U.S. Pat. No. 2,321,305 discloses rubber vulcanization accelerators represented by the general formula

where Ar is an arylene group. When n is 1,X is NH-alkyl, NH-aryl, N-diaryl, O-alkyl, or O-aryl; when n is 2, X is oxygen, NH, N-alkyl, or N-alicyclic; when n is 3, X is N.

Jablonowski (Rubber World, 206(5): 18-22 (1992)) describes two chemicals, N,N,N′,N′-tetrabenzylthiuramdisulfide (TBzTD) and N-cyclohexyl-bis-(2-benzothiazolesulfen)amide (CBBS), that are said to have the potential to replace several accelerators that generate nitrosamines. The article shows TBzTD replacing thiuram accelerators such as TMTD and TETD, and CBBS, a delayed action sulfenamide, is compared to MBS, DCBS, and other similar accelerators.

SUMMARY OF THE INVENTION

The present invention is directed to a specific method of making bis(benzothiazolesulfen)amides.

More particularly, the present invention is directed to an in situ method of making the class of compounds of the general formula:

where R is a C3 to C9 branched or linear alkyl, a C3 to C9 cycloalkyl, or a substituted or unsubstituted aryl moiety.

Still more particularly, the present invention is directed to a process for preparing an N-hydrocarbyl-bis-benzothiazolesulfenamide comprising reacting an N-hydrocarbyl-2-benzothiazolesulfenamide with a cyclic organic acid anhydride in situ in a polymeric matrix at elevated temperature.

In a particularly preferred embodiment, the present invention is directed to a process for preparing N-cyclohexyl-bis-benzothiazolesulfenamide comprising reacting an N-cyclohexyl-2-benzothiazolesulfenamide with maleic anhydride in situ in a diene elastomer at a temperature in the range of about 65 C. to about 140 C., wherein the molar ratio of N-cyclohexyl-2-benzothiazolesulfenamide to anhydride is in the range of about 2.25:0.75 to about 2:1.

DESCRIPTION OF THE PREFERRED EMBODIMENTS

According to the present invention, the reaction of an N-hydrocarbyl benzothiazolesulfenamide with an organic acid anhydride can be carried out in the presence of the polymeric substance, i.e., in situ, at elevated temperature to produce the N-hydrocarbyl-bis-benzothiazole sulfenamide accelerator.

As noted above, the N-hydrocarbyl-bis-benzothiazole sulfenamide is of the structure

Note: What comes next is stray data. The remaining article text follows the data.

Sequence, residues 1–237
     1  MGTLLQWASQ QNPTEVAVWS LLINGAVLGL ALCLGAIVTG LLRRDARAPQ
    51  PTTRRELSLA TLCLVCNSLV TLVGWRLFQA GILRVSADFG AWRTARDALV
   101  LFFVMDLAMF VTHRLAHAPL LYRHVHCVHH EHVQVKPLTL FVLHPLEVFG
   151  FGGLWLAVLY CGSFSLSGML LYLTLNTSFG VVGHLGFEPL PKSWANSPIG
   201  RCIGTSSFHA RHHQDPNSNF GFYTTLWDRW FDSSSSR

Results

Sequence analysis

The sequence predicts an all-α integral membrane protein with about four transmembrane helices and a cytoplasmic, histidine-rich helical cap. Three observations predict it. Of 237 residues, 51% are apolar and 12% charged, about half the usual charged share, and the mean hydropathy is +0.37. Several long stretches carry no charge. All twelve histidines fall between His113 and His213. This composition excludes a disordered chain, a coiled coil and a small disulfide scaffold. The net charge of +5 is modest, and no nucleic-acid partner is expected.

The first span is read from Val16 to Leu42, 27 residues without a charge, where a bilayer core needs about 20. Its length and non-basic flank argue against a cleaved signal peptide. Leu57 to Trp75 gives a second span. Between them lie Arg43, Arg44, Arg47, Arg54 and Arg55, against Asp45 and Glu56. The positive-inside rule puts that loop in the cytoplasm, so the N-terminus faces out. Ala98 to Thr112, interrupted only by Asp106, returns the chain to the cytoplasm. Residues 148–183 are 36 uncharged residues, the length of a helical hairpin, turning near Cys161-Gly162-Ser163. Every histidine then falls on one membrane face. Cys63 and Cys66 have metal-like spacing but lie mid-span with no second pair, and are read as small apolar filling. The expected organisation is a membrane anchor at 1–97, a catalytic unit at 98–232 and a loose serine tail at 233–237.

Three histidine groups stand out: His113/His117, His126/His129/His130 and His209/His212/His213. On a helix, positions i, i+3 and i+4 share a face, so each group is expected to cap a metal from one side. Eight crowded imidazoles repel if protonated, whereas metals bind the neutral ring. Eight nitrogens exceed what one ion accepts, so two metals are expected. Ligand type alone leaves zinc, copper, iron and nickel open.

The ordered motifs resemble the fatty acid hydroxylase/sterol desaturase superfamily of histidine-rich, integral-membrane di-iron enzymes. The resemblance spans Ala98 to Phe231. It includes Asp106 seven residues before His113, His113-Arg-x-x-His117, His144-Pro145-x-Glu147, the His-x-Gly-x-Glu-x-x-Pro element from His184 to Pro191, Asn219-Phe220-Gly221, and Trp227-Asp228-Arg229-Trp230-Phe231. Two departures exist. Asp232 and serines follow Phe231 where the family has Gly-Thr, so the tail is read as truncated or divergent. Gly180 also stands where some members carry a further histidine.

where R is a C3 to C9 branched or linear alkyl, a C3 to C9 cycloalkyl, or a substituted or nonsubstituted aryl moiety.

Where R is a C3 to C9 branched or linear alkyl moiety it can for example, be propyl, butyl, pentyl, hexyl, heptyl, octyl, nonyl, or isomers thereof. Where R is a C3 to C9 cycloalkyl, it can, for example, be cyclopropyl, cyclobutyl, cyclopentyl, cyclohexyl, cycloheptyl, cyclooctyl, or cyclononyl, any of which may be substituted or unsubstituted with any groups that will not significantly adversely affect the functional utility of the accelerator. Bridged cycloalkyl groups may also be employed.

Where R is a substituted or unsubstituted aryl moiety, it is preferably one having from 6 to 10 carbon atoms. Where substituents are present on the aryl group, again, they will be chosen from among those that will not significantly adversely affect the functional utility of the accelerator, for example, alkyl groups, cycloalkyl groups, and aryl groups, among others.

It is preferred that R be cycloalkyl, more preferred that it be cyclohexyl or cyclopentyl, and most preferred that it be cyclohexyl.

The general equation for the chemical reaction that produces the accelerators produced in the practice of the present invention has been given in U.S. Pat. No. 3,875,177:

where —CO—X—CO— represents either a diacyl radical or two monovalent cyclic acyl radicals.

The present inventors have discovered that the reaction of an N-hydrocarbyl benzothiazolesulfeneamide with a cyclic organic acid anhydride can successfully be performed in a polymeric matrix at an elevated temperature to produce the bis-(benzothiazolesulfen)amide. Where the hydrocarbyl group is the preferred cyclohexyl moietyl, and the anhydride is maleic anhydride, the reaction can be represented by the following equation: